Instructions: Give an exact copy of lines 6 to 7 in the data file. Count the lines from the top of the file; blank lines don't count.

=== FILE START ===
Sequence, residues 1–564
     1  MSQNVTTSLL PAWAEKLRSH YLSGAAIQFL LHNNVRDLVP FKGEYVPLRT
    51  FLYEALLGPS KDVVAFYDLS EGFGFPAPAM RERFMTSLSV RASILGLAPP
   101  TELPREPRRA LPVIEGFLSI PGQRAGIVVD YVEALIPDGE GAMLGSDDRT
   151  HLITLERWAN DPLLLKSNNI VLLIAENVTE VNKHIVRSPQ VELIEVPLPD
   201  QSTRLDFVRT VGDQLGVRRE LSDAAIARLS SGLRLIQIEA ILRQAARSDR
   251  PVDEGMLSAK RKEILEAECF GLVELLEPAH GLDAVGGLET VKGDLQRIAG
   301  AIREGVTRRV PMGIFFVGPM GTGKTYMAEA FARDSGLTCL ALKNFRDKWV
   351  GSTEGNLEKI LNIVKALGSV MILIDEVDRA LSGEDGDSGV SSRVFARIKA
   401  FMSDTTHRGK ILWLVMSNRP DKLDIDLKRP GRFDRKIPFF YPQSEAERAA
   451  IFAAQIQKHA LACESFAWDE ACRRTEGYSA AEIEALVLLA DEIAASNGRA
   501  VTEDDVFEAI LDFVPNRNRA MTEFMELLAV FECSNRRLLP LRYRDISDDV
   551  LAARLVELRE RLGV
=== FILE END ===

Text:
   201  QSTRLDFVRT VGDQLGVRRE LSDAAIARLS SGLRLIQIEA ILRQAARSDR
   251  PVDEGMLSAK RKEILEAECF GLVELLEPAH GLDAVGGLET VKGDLQRIAG